In a hearing scheduled for the House Energy and Commerce Committee on Thursday, Democrats have called a litany of pro-regulation activists to testify about their continued belief in re-implementing the arcane Title II regulatory regime that the FCC experimented with during the Obama years. This is a desperate ploy that commonsense lawmakers should reject. The internet flourished without Title II regulations, and now that those regulations been repealed, the internet will continue to develop in a pro-consumer and pro-taxpayer direction.
As NTU has written, Title II regulations stifle innovation and investment in American internet infrastructure, and any regulatory path forward needs to be bipartisan. House Democrats are unfortunately focused on a single-party advocacy of the failed Title II regulatory framework. Originally written in 1934, Title II is a regulatory regime meant to apply to landline telephone services, not an open and flourishing internet. Attempting to fit Title II regulations onto the internet is the epitome of a square-peg, round-hole problem.
Title II was in effect for only a few years, but its deleterious effects were immediate. Investment in the nation’s broadband infrastructure plummeted, and American competitiveness in internet speeds suffered. Now that Title II has been repealed, internet speeds are up and the future has never been brighter for American broadband policy.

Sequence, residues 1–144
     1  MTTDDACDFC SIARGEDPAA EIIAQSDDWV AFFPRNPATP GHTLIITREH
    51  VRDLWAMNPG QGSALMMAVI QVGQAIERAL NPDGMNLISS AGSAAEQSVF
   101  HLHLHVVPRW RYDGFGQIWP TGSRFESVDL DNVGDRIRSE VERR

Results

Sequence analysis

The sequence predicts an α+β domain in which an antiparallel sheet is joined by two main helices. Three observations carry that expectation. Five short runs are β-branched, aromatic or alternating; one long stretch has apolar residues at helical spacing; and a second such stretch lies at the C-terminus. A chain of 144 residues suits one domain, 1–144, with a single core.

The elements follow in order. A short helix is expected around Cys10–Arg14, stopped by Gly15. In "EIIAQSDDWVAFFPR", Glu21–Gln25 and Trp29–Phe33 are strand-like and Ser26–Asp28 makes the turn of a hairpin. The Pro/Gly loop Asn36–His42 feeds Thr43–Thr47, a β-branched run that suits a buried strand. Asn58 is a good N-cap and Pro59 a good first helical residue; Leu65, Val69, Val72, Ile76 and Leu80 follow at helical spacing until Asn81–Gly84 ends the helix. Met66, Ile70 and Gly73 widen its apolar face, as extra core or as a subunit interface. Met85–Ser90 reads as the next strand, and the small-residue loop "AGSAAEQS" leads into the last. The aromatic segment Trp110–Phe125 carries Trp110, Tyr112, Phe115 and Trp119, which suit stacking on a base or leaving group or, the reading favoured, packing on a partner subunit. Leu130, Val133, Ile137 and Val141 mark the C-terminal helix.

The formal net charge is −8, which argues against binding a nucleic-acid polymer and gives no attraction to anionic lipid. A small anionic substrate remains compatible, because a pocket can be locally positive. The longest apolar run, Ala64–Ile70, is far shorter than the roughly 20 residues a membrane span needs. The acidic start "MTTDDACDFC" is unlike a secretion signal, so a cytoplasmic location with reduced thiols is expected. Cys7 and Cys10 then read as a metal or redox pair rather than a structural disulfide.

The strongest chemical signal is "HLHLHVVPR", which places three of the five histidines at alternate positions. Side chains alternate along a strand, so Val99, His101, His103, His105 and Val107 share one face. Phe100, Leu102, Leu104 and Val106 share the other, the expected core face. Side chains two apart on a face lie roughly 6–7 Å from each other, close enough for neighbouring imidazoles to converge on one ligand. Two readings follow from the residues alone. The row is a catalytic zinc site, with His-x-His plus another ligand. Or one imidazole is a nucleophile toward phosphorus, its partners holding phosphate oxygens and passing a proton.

Witnesses at Thursday’s hearing include Tom Wheeler, the Obama-era FCC head who unilaterally implemented Title II regulations; Denelle Dixon, CEO of Mozilla, currently suing the FCC because of the Title II repeal; and Jessica Gonzalez, Deputy Director of the pro-regulation organization Free Press. These are longtime Title II activists who want to see the reimposition of those failed regulations, no matter what the evidence is. Some activists have been more explicit about this than others - Sen. Minority Leader Chuck Schumer has admitted that Title II is nothing but socialist price controls for internet access.
Democrats have wasted little time in trying to undo the progress that the current FCC leadership has achieved. But common-sense should rule the day, and the light-touch regulation that has helped the internet flourish should be retained.